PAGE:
Financial regulators in the UK have a well earned reputation for an open and progressive approach to cutting edge technology, with the Financial Conduct Authority (FCA) operating Project Innovate and a regulatory sandbox, as well as the Bank of England's fintech accelerator.
However, there is still no firm regulatory framework in place for the potentially disruptive blockchain technology to be used by financial services firms. So what needs to change?
Blockchain as a term grew to prominence as the distributed ledger technology underpinning of the crypto currency Bitcoin. It is essentially an electronic ledger of records which are organised into data batches, called blocks, which automatically reference one another, forming an unbroken chain which theoretically cannot be tampered with as it is 'distributed' and does not reside anywhere central.
The reason financial organisations are so interested in the technology is because of the possibility of having an irrefutable record of transactions, and effectively eliminating the possibility of fraud.
Speaking at London Blockchain Week on Tuesday, three lawyers and a fintech founder spoke about where they see the UK's regulatory framework in regards to the distributed ledger blockchain technology, and what needs to happen for use cases to go mainstream.
John Salmon, a partner at law firm Hogan Lovells said that there tends to be two camps when it comes to regulating blockchain, and that they resemble the way regulators spoke about the early internet during the dotcom boom. He said: "Either it was the Wild West and it cannot and shouldn't be regulated, or there is a camp saying that this had to abide by existing laws."
He gave the example of music pirating sites like Napster as an early indicator that online businesses need to abide by the same rules as incumbents, and that this should be taken into account by regulators looking at a technology as potentially disruptive as blockchain. "The lessons to be learned are that we need to apply existing laws and regulations, and we absolutely have to think about putting in new ones," he said.
On that note, Mark Carney - the governor of the Bank of England - made a speech at the Deutsche Bundesbank G20 conference this week where he spoke about some of the considerations the Bank makes when deciding whether something like blockchain should be brought into its regulatory perimeter.
He said: "Just because something is new doesn’t necessarily mean it should be treated differently. Similarly, just because it is outside the regulatory perimeter doesn’t necessarily mean it needs to be brought inside." In short: we are no closer to a clear regulatory framework for blockchain in the UK.
Later on Jonathan Galea, assistant legal counsel at online gambling company NetEnt, helpfully took a step back too, adding that there needs to be a distinction between public and private blockchains. "When it comes to the blockchain, completely decentralised blockchains can't be regulated, so where the code has been written and issued to the general public. Private blockchains can be regulated, but we still need to make a distinction between the two," he said.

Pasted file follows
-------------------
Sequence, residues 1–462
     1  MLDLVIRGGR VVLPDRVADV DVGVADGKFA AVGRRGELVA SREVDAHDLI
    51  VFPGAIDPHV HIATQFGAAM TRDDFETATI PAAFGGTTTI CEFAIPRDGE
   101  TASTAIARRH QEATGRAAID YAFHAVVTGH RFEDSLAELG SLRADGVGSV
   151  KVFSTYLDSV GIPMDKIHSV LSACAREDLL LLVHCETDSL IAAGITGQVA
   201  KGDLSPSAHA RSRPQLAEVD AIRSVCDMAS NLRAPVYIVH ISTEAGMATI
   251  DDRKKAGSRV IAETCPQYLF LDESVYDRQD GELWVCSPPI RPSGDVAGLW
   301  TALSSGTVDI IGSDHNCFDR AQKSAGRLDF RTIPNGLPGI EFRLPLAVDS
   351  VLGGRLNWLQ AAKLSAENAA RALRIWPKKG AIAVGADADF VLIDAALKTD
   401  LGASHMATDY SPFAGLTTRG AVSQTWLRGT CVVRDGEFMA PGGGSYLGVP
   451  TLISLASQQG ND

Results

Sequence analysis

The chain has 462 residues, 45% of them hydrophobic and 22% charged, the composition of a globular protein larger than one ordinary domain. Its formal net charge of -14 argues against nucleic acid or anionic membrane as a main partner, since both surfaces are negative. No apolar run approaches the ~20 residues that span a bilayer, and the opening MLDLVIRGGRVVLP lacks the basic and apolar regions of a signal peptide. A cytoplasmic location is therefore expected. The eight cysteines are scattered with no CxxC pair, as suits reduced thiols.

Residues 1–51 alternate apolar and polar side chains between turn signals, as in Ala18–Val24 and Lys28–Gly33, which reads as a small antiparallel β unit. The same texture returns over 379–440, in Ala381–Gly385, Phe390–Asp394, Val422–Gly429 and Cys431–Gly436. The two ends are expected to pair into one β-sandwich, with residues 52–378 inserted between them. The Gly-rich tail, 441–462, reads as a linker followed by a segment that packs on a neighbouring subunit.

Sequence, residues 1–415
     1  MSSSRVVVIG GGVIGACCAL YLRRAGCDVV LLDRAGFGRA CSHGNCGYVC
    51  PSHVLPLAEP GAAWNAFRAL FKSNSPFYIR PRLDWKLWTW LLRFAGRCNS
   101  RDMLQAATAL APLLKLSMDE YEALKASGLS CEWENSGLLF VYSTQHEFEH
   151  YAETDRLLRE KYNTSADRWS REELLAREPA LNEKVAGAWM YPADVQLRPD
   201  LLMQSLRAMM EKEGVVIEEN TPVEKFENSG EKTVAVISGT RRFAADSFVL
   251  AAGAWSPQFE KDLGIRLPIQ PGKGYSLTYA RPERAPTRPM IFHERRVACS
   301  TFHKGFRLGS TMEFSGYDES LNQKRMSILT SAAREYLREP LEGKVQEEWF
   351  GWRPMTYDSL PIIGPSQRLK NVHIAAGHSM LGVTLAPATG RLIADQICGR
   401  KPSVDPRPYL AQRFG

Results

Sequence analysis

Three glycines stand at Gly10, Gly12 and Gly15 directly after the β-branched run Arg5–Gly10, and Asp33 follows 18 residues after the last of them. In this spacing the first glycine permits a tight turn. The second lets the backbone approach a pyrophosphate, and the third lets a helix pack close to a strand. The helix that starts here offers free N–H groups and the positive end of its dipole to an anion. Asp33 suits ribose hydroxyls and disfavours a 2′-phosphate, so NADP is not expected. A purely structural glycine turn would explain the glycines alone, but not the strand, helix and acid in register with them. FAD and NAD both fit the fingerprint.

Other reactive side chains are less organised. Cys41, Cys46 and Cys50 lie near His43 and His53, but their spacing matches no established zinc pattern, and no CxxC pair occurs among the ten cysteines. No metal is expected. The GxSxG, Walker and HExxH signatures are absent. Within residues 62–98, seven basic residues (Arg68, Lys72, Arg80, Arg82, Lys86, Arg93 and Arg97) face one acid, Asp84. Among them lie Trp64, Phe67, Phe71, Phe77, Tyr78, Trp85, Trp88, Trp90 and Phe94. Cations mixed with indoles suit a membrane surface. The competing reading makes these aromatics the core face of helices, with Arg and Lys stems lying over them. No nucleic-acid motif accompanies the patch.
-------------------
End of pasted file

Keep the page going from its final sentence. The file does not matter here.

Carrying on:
Current regulatory landscape
Many recognise that the UK's regulators tend to be more open minded when it comes to new technology in the financial services space. For example, an EY report into UK fintech from February 2016 asserted that "the UK has the strongest fintech policy environment, with the most supportive regulatory regime," as benchmarked against other leading fintech hubs.
"The strength of the UK policy environment is due to the supportiveness and accessibility of the Financial Conduct Authority (FCA), effective tax incentives and numerous government programmes designed to promote competition and innovation which indirectly support fintechs," the report concluded. These programmes include the FCA's regulatory sandbox, Project Innovate and the Bank of England's fintech accelerator.
The Bank of England even conducted a successful proof of concept (PoC) of distributed ledger technology with PwC last year. This approach would strongly suggest that the bank will be providing a favourable regulatory environment for anyone wanting to work with the technology, but only once it matures.
Following the PoC the bank's statement read: "While the technology is still relatively immature, it could provide benefits in the future, and also be complementary to existing systems by, for example, removing the single point of failure of a system, considerably increasing its resilience."
Guido Branca is CEO of BaBB (Bank Account Based Blockchain), a fintech looking to provide access to banking services based on the blockchain. The Harvard graduate said that he chose the UK to set up his business, "because of the regulators." He said: "We found the Bank of England taking an open approach, so instead of turning people away they engage."
Experienced compliance officer for the financial services industry Richard Levin agreed, saying: "I know people don't like to talk to regulators but you should. Help the regulators understand this industry, help them understand what you want to do, have a dialogue with them, be forthright and try to do it the right way. They will be much more forgiving if you try to do things that way than hiding from them."
However he did add that these conversations are increasingly vital because, "right now the regulations are completely out of step with the technology."
Salmon from Hogan Lovells was also full of praise for UK regulators: "We went from a regulator that never talked to you and said: 'if you mess it up, you are getting sued'. Now we need to talk to them, educate them and it really is a complete sea change and we shouldn't underestimate how brilliant that is."